Business analyst and commentator Salamah al-Dir’awi wrote in Al-Ghad daily April 18 that the government had finally corrected its course by stepping in to help the private sector after making wrong decisions earlier. “The role of the Social Security Corporation at this stage is vital in providing social protection to families that have lost all income and that should be the government’s top priority now,” he said. “Failing to protect these families will have dire social and security consequences for the country,” he added. 

But Dir’awi concluded that the government is unable to bear the burden on its own. “The treasury does not have the resources to keep the government running as it faces a $2 billion deficit as result of the crisis,” he said. He cautioned that the government will have a tough time borrowing money externally and will have to rely on local loans.

Jordanians believe that while the government's measures have been successful in containing the pandemic, the country will be facing an unprecedented economic backlash in the coming weeks. But on April 19, Adaileh dispelled rumors that the government will not be able to pay this month’s salaries. He told a local news portal that the government will be able to meet its financial obligations for the coming two years. He added that the Central Bank’s foreign reserves are estimated at more than $19 billion, which reflects monetary stability.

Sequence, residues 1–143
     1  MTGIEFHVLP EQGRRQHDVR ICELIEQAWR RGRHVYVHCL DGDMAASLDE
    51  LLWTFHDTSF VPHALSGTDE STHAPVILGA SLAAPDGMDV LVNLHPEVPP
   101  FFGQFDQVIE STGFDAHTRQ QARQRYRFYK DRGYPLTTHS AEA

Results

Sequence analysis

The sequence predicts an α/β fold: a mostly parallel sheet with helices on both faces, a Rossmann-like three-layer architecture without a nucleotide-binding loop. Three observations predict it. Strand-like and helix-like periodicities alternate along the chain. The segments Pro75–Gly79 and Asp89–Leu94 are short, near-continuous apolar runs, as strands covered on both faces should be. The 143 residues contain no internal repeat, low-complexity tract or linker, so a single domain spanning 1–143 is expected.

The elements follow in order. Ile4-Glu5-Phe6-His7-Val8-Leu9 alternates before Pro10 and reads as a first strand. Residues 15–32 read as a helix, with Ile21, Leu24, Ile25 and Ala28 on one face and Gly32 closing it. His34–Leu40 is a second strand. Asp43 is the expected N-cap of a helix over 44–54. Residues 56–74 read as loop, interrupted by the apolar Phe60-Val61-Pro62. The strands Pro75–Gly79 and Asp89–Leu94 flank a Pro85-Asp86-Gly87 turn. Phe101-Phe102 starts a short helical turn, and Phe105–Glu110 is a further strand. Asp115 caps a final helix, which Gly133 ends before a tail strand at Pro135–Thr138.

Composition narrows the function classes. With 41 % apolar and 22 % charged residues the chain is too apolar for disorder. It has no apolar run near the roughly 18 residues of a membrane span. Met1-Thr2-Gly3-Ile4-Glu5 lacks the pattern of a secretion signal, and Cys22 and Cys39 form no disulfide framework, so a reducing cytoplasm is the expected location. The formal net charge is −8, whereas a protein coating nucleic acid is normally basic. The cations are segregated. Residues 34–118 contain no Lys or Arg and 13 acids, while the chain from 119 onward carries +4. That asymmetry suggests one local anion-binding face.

But such assurances still seem unlikely to placate Jordanians. For one, many fear that the government’s reliance on the Social Security Corporation (SSC) to compensate non-insured Jordanians threatens millions of retirees. “Why should the insured and business owners that have exclusively funded the SSC since its establishment subsidize the non-insured or the business owners that evaded?” business analyst Jawad Abbasi told Al-Monitor. “The government should bear this cost, not the SSC, and it can do that by reducing unnecessary expenses and reviewing its huge pension cost that has plenty of wasteful spending. If it wants to delve into SSC funds, it should borrow these funds at market rates.” he added.

The International Monetary Fund (IMF) estimated, in a report published April 15, that Jordan’s economy will shrink by 3.7% as a result of the COVID-19 crisis; its gross domestic product grew 2% last year. The IMF also estimated that the economy will grow 3.7% in 2021.

The Jordan Times quoted the IMF's chief of mission to Jordan, Chris Jarvis, on April 17 as saying the fund was ready to provide Jordan with support through its rapid financing instrument. Jarvis expressed confidence in Jordan’s ability to recover, as the government “has already done a lot in terms of structural reforms,” according to the paper. Minister of Finance Mohamad al-Ississ was quoted in the same story as saying the spread of the coronavirus will not stop Jordan's economic reform process but rather will expedite it. He stressed that the kingdom will continue to service its debt and honor its external obligations.